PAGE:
Progarchives, the progressive rock ultimate discography
Supersister - Present from Nancy CD (album) cover




Canterbury Scene

4.05 | 257 ratings

From, the ultimate progressive rock music website

Prog Reviewer
5 stars Total genius. Some will tell you different, but I say a perfect album is NOT impossible. When I'm listening to Supersister's 'Present From Nancy', I can't imagine how it could possibly be better. I wouldn't want it to be any different than the way it already is. It's perfect enough.

Coming along in 1970, Supersister offered a debut of considerable depth, mixing the familiar Canterbury sound of a band like Caravan with their own brand of humor, a wide range of tones and sounds (the keyboards sound wonderful and the fuzz bass sounds even better!)...and a healthy taste for the perverse. Running order is a major consideration for a band once they've completed work in the studio, and 'Present From Nancy' is a marvel of faultless design, with a distinct beginning, middle and end, with climaxes, pauses, bursts of hyperactivity, diversions and calming moments placed in all the right places. The jazz-rock beginning of "Introductions" and "Present From Nancy" gives way to the grittier edge of "Memories Are New", which halfway through sinks into a deeper level of composition, signalling the twists and turns to come. The appropriately-titled "11/8" follows, a tense and intense display of jazz-meets-symphonic prog (in hell). "Dreaming Weelwhile" offers the first moments of solace, with a cosmic melody elongated throughout its 2:50 length drone. "Corporation Combo Boys" is silly, but thankfully short enough to be an acceptable opening to the album's second half...

"Mexico" is one of those songs that convinces me Trey Spruance and the rest of Mr. Bungle must have a thorough education in '70s prog. It rests on a rhythm not unlike some of Pink Floyd's best early-'70s epics, offering melody and dynamics that make you feel like you're in the deep Mexican desert at night. It sounds harmless on the surface but there's something sinister bubbling underneath (like much of Mr. Bungle's 'California'). "Metamorphosis" is 3:26 of proto-thrash, a jarring, relentless drum attack giving a firm foundation to the insane keys and bass that rape the ears in one of prog's earliest moments of proto-metal violence. "Eight Miles High" is a short play on the Byrds song, exploding in an abrupt death 20 seconds later, birthing the contemplative final track, "Dona Nobis Pacem". Awash in keyboard ambience, haunting deep-space harmonies move the exotic droning hypnosis along with purpose. It somehow seemelessly evolves into a circus-organ jig (all of a sudden I see clowns and those sickening orange marshmallow peanuts! Yikes!), then it floats back onto its former self. Some have called this part silly, but they way it's welded into the structure makes it more disconcerting than anything. This signals the end one of the most eventful and enjoyable prog albums I've yet heard. Highly recommended to fans of the Canterbury sound, symphonic prog, fusion, jazzrock, psych, and just plain weird music...Supersister does it all.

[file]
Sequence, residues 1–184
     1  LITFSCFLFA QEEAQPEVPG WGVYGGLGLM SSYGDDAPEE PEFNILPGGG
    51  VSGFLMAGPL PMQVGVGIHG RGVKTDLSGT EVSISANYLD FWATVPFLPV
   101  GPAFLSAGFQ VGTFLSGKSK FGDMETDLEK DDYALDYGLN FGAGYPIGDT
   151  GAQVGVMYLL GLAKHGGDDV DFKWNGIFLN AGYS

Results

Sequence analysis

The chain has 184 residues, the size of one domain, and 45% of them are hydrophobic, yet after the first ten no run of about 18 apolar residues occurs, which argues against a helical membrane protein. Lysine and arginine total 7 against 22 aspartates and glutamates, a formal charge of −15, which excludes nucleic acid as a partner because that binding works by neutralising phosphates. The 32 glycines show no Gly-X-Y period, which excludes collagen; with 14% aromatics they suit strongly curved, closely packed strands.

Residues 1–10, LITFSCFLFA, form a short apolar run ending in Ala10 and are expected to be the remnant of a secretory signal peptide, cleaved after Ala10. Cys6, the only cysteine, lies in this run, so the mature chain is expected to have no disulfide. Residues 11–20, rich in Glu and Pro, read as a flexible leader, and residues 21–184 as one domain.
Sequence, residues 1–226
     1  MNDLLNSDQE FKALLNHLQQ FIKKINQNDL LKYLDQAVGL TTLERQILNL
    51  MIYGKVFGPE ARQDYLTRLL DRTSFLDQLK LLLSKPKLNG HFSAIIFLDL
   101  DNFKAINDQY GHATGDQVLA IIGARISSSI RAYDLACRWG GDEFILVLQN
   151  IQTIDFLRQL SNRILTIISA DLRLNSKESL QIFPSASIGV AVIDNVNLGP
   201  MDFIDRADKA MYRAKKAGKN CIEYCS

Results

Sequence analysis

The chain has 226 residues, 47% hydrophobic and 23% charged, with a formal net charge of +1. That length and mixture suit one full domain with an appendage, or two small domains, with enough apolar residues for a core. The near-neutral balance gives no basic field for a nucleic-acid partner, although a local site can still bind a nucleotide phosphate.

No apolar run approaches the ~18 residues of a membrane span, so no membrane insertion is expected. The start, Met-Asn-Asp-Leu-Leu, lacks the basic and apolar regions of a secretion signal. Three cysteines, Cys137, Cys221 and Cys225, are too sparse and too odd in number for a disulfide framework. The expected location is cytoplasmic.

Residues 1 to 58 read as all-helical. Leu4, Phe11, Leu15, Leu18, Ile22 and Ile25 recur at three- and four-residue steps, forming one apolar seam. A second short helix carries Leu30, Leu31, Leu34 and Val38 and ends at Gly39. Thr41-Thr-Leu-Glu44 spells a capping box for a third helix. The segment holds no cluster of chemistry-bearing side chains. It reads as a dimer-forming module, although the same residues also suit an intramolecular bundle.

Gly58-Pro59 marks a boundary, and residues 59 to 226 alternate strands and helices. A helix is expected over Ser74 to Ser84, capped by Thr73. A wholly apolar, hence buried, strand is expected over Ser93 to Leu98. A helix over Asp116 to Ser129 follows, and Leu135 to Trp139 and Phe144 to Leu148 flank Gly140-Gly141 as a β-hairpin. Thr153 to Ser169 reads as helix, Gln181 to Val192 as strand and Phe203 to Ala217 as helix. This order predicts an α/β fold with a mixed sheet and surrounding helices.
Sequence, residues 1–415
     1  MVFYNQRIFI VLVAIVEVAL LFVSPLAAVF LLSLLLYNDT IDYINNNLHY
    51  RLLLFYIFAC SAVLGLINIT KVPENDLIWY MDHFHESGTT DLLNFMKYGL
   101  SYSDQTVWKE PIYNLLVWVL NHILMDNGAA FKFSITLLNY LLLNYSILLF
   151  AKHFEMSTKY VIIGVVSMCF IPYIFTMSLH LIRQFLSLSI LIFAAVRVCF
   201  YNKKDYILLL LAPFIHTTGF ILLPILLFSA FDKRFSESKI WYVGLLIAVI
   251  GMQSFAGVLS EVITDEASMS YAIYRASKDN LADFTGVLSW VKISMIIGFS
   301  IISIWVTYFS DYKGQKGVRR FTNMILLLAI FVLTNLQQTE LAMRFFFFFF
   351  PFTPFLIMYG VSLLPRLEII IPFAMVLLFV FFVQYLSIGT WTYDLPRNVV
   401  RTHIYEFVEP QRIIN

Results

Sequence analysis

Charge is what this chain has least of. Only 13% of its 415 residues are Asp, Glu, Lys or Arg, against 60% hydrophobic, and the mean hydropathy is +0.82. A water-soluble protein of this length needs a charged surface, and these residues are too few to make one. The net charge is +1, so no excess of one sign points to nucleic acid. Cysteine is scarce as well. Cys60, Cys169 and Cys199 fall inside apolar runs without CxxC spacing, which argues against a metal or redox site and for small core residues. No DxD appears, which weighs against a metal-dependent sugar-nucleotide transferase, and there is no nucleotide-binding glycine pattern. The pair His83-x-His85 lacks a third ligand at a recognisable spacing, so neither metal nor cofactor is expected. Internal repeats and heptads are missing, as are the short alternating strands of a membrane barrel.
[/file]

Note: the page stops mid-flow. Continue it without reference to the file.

slipperman | 5/5 |


As a registered member (register here if not), you can post rating/reviews (& edit later), comments reviews and submit new albums.

You are not logged, please complete authentication before continuing (use forum credentials).

Forum user
Forum password

Share this SUPERSISTER review

Social review comments () BETA

Review related links

Copyright Prog Archives, All rights reserved. | Legal Notice | Privacy Policy | Advertise | RSS + syndications

Other sites in the MAC network: — jazz music reviews and archives | — metal music reviews and archives

Donate monthly and keep PA fast-loading and ad-free forever.